On the other hand, I’m not sure computing J^\theta and J^y v is more efficient than computing \tilde J. But worth trying out. What could also be valuable is computing J^y y^{(i)} in one sweep at each iteration of the solver.

I like the idea of sensitivity for J^y b = J^\theta v directly.

Yeah, this is all of the Jacobian-adjoint product infrastructure that @bbbales2 implemented. I thought there was a nice wiki page demonstrating the functionality but I couldn’t find it.

If only J^{y} y^{i} is needed for the Powell updates then you should definitely only compute that!

Relative efficiency can be worked out using the known scalings of reverse mode. If there are N states and K parameters then \tilde{J}, a N \times (N + K) matrix can be computed in N reverse mode sweeps. J^{\theta} v can be computed in one verse mode sweep. J^{y} would require N reverse mode sweeps, but they would be cheaper than the full reverse mode sweeps for \tilde{J} because the parameters would be treated as constants. Ultimately there’s going to be some transition for large enough K where computing the Jacobian adjoint product is more efficient than computing the full \tilde{J}.

If only J^y y^i is needed for the Powell updates then you should definitely only compute that!

Ok. I think the devil will be in the details here. If memory serves well, Eigen’s function for Powell’s method accepts J^y as an argument, but not a method to compute J^y y. But I need to break the code open, and take a closer look.

EDIT: you don’t need J^y y^i for the update, rather something of the form [J^y]^{-1}f(y^i) akin to what is used in Newton’s method. So computing the directional derivative at each iteration is not an interesting path.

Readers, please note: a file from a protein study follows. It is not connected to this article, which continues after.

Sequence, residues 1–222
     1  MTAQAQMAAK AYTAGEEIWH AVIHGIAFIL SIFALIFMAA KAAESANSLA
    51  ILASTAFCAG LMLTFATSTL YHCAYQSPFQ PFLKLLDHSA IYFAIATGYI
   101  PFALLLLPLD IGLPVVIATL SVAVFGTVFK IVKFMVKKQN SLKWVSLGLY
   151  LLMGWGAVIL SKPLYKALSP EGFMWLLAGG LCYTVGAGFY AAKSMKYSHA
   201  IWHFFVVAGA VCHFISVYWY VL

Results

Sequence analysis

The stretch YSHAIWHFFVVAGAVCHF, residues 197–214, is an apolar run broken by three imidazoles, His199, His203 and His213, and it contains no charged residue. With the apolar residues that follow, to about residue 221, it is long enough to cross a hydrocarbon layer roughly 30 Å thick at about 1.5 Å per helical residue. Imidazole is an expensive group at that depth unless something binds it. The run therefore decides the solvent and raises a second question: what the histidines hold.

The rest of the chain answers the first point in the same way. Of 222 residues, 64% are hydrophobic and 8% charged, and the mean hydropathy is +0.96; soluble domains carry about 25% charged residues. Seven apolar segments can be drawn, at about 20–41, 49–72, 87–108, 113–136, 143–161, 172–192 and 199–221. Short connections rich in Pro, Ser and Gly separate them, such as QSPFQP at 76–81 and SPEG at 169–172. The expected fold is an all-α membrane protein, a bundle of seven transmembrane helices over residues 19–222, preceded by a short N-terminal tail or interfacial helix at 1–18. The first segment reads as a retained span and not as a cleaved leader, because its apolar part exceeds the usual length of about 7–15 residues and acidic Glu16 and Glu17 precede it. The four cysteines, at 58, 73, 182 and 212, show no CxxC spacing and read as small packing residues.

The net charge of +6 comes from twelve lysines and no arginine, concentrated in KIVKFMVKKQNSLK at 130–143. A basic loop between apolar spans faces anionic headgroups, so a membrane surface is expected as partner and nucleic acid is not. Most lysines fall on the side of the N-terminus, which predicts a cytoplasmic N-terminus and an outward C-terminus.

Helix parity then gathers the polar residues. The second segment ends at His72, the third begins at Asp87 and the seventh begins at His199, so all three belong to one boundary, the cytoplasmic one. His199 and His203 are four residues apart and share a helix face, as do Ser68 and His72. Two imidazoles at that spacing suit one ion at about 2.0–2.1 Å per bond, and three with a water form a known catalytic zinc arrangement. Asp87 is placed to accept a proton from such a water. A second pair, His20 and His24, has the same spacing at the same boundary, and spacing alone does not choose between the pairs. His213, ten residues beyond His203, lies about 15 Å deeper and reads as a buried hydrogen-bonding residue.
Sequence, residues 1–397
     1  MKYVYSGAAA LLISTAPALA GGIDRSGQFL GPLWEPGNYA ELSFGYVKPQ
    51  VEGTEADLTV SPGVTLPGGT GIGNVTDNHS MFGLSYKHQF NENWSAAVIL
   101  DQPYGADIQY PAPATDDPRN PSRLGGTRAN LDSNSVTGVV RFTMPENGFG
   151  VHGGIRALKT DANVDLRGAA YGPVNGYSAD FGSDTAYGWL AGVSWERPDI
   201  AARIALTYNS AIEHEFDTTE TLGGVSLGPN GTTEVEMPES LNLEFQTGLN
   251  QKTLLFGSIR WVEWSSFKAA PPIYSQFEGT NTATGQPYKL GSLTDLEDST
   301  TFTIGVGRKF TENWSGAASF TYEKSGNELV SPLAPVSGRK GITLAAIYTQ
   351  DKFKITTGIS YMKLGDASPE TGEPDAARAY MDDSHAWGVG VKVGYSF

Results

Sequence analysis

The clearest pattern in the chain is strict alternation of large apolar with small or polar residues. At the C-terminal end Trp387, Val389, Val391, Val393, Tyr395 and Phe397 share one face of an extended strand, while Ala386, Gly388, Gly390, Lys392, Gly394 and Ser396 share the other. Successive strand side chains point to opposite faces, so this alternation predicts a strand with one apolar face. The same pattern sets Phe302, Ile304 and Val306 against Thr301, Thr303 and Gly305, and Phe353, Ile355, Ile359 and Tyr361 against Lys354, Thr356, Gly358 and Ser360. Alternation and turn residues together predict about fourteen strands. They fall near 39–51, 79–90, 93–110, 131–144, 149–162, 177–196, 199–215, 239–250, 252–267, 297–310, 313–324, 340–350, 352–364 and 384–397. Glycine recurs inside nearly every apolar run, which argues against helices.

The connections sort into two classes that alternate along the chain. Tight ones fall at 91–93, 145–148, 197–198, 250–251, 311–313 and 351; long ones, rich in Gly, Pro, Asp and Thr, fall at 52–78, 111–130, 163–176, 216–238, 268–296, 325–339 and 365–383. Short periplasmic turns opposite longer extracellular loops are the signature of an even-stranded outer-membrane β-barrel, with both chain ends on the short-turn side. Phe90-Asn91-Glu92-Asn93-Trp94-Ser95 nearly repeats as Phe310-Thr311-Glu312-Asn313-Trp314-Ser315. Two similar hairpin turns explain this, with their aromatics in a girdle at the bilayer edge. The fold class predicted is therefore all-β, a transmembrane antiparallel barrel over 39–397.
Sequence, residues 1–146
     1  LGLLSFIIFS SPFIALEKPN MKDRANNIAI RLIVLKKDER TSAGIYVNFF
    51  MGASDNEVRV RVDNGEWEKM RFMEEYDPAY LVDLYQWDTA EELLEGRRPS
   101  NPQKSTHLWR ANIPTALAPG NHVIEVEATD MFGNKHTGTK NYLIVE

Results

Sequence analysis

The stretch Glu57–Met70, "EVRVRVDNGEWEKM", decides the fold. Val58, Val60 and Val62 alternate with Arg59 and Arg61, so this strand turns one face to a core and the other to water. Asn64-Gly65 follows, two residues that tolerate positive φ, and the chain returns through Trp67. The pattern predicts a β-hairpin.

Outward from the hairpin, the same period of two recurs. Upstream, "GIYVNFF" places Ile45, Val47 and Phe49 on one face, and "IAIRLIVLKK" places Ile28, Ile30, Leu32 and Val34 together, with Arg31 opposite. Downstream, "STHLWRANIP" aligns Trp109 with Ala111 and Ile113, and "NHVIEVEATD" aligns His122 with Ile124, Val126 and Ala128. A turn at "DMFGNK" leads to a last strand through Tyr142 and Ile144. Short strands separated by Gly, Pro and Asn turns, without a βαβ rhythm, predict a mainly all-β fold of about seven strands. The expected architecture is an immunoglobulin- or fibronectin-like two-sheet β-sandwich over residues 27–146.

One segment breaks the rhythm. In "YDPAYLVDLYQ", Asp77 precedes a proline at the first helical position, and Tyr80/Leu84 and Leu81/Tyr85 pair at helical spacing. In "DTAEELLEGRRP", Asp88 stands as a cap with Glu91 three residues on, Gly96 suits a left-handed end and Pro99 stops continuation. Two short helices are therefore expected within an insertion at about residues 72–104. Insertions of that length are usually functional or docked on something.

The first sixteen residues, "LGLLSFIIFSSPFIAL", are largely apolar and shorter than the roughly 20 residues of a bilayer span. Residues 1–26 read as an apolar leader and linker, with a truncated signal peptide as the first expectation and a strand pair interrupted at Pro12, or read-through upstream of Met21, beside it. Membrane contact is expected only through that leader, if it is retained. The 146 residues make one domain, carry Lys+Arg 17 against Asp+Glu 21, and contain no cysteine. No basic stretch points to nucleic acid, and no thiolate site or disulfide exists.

EDIT 2: A small aside: Eigen does a lot of interesting manipulations on J^y (see the file HybridNonLinear.h in Eigen’s unsupported module). It notably finds it QR decomposition to compute [J^y]^{-1}f(y^i).

There are a couple examples for how the Jacobian-adjoint stuff @betanalpha mentioned pieces together over here: Adj_jac_apply, Adj_jac_apply

Lemme know if you end up trying it and it’s not magically working. The templating makes the compiler errors pretty annoying to dig through.

Alright, let’s give it a try.

For the INLA optimization problem, I think we would gain much from computing Jv with the Jacobian-vector product formalism. Indeed we have J^y in analytical form. J^\theta on the other hand is computed in n sweeps, where n is the dimension of y. In practice y is high-dimensional so this computation is very inefficient. With the right initial cotangent, we can do this in one sweep.

Now, let l be the log density and f the algebraic system. I’ll use the convention that J^x_y is the Jacobian of x with respect to y. From the chain rule and the implicit function theorem:

\begin{eqnarray} J^l_\theta & = & (J^y_\theta)^T (J^l_y)^T \\ & = & - (J^f_\theta)^T ([J^f_y]^{-1})^T J^l_y \\ & = & - (J^f_\theta)^T ([J^f_y]^T)^{-1} J^l_y \\ & =: & - (J^f_\theta)^T w \end{eqnarray}

where w is the wanted initial cotangent. I’m not sure how useful this is in general, but I’ll try it out on the specialized solver for the INLA problem.